Aspiration and Innovation

Aspiration and Innovation

When André Fu completed The Upper House hotel in Hong Kong 10 years ago, he quickly became an overnight sensation. The Chinese interior designer, who has worked with Louis Vuitton, The Berkeley in London and Waldorf hotels, is recognised for breaking away from opulent interiors typically associated with hospitality. Instead, he opts for a fresh, contemporary mix of simple forms and clean lines, redefining contemporary notions of modern luxury.

The eponymous book, Crossing Cultures with Design, offers an insight into the architect’s complex creative process, presenting 18 recent projects, complete with over 300 colour illustrations and original hand-drawn sketches, ranging from a Louis Vuitton conversation chair to guest rooms made up of a few brief brush strokes. Describing design as a “highly organic, natural process,” the book is loosely organised to reflect common themes, such as cultural filtering; relaxed luxury; and modernity versus classicism. “Creating this book has given me a fresh insight not only into the past but also into the future, by allowing me to reflect on the influences and development of my design language,” says Fu.

The book cites the Bauhaus School as one of the designer’s main inspirations, especially its abstract geometric forms. Other defining influences include the avant-garde architect Mies van der Rohe, whose modernist designs were made to maximise the experience of movement between spaces. Whilst this has led some critics to label Fu’s work as eastmeets-west, such labels would be reductive. Less about combining one style with another, Fu’s success lies in his ability to merge designs with the culture that surrounds them.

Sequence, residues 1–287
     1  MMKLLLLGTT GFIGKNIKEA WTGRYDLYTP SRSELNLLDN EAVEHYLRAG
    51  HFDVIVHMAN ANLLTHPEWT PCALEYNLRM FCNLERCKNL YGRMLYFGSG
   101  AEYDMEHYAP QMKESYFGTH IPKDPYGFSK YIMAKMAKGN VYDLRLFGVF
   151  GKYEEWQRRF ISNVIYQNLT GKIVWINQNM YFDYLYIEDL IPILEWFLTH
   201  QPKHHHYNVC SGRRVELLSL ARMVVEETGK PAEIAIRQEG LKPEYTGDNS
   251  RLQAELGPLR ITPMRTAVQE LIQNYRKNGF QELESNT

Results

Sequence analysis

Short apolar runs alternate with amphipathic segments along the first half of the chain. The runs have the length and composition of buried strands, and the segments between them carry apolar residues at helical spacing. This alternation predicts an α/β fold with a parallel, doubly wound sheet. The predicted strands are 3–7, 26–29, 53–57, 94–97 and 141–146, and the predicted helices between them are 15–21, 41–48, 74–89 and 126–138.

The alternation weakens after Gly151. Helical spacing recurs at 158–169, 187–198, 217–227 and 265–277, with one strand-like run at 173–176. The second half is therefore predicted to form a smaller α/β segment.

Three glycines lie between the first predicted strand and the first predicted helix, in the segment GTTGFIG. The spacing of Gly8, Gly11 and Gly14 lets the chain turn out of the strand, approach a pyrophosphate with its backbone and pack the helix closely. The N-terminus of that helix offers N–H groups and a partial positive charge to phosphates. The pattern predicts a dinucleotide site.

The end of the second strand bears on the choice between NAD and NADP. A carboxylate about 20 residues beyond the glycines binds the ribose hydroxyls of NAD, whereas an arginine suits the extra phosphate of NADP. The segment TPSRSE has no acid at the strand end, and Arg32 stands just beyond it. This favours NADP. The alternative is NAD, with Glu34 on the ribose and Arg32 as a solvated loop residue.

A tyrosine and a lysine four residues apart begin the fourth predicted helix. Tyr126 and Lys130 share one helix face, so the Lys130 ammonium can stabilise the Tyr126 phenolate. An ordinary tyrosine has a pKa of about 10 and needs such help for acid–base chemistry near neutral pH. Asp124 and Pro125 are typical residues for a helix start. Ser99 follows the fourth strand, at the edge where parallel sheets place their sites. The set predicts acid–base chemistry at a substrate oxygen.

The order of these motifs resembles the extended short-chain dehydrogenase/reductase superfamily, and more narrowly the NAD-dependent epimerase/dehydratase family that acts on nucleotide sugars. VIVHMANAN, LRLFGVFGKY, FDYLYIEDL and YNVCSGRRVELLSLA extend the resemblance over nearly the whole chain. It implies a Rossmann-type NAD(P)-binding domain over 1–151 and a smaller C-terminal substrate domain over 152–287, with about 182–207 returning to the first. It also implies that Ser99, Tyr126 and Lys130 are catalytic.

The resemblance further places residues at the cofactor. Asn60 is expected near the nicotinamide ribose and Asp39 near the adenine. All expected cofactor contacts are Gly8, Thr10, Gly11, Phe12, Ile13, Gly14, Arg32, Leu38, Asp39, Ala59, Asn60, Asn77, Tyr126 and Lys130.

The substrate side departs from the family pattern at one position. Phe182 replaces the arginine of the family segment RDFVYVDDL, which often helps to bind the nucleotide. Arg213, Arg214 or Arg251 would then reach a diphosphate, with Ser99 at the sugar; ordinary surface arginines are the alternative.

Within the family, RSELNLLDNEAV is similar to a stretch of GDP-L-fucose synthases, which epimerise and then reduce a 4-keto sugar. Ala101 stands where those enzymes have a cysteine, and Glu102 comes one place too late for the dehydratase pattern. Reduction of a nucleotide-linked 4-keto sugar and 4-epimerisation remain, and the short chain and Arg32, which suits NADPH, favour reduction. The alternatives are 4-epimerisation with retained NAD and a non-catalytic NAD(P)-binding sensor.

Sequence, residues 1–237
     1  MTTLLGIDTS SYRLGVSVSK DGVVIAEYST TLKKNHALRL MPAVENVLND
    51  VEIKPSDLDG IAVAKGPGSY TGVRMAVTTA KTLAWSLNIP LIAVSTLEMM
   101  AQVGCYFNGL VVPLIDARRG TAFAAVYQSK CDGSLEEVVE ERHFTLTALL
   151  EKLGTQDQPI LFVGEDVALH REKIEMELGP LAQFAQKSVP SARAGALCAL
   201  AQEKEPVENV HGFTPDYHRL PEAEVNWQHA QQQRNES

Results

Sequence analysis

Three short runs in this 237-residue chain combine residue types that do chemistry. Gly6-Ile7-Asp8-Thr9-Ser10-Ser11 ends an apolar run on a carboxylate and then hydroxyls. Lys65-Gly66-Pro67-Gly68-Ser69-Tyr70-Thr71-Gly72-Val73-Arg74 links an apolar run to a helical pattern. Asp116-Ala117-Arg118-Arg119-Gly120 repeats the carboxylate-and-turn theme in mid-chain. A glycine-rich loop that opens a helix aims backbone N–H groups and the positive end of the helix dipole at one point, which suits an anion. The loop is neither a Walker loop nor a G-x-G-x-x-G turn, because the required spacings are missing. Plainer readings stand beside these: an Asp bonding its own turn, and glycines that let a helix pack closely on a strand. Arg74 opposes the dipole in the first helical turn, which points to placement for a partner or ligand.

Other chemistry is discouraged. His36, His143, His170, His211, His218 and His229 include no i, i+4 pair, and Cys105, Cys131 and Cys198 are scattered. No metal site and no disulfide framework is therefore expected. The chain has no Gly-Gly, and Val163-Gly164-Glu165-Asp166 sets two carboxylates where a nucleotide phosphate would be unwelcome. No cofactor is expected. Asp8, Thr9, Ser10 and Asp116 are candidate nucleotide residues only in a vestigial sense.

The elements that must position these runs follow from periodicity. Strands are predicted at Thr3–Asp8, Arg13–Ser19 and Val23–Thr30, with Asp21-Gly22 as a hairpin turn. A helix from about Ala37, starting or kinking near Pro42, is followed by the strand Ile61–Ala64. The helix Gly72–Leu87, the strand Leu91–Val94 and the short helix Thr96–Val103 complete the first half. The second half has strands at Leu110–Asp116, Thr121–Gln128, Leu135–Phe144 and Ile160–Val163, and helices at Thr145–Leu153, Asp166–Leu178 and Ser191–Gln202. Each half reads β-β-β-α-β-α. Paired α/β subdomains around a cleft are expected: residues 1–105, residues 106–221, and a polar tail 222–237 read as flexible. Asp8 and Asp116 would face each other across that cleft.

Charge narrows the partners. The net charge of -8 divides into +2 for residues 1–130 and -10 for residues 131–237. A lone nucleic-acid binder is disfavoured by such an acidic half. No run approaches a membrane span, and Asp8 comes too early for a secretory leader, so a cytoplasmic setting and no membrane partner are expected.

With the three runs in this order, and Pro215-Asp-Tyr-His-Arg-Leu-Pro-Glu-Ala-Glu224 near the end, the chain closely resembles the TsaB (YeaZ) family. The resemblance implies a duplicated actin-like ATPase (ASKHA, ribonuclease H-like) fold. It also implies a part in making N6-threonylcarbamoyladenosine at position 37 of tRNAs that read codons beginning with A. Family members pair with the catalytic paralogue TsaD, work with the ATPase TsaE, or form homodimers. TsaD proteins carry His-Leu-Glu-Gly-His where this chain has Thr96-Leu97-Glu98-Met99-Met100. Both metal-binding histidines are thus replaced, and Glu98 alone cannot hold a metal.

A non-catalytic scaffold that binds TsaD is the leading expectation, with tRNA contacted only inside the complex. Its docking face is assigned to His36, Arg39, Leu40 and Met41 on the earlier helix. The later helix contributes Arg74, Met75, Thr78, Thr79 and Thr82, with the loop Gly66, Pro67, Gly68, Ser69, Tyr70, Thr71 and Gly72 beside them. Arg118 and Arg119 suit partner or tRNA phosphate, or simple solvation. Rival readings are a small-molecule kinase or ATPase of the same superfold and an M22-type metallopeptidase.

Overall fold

A prime example of this is the Villa La Coste, which translates the bright light and dry landscape of Provence into an airy, streamlined design, using rustic materials made of natural stone and rough-edged timber. Another example is The Mitsui Kyoto, a hotel located in front of the ancient Japanese capital’s Nijo Castle, where the walls are decorated with hand woven coverings that evoke the traditional craft of kimono. Some commentators have been quick to shelve Fu’s interiors under the “minimalist” lexicon – presumably because many of his designs feature indistinct, open-plan layouts and floor-to-ceiling windows, which he punctuates with understated, modernist furniture and sculptural elements. Yet the devil is in the details. Looking beyond the sleek, restrained forms and silhouettes reveals a careful layering of textures, colours, patterns. Despite appearing “simple,” viewers find that Fu’s designers are indeed anything but.

It’s this very precision that makes Crossing Cultures with Design such a delight to read. There’s a warmth and comfort to Fu’s interiors that come from a fine-tuned sense of balance and what works together, meaning that the closer you look, the more eclectic his taste seems to become.

Find out more here.

Gunseli Yalcinkaya

Image: K11 Artus by André Fu, Hong Kong.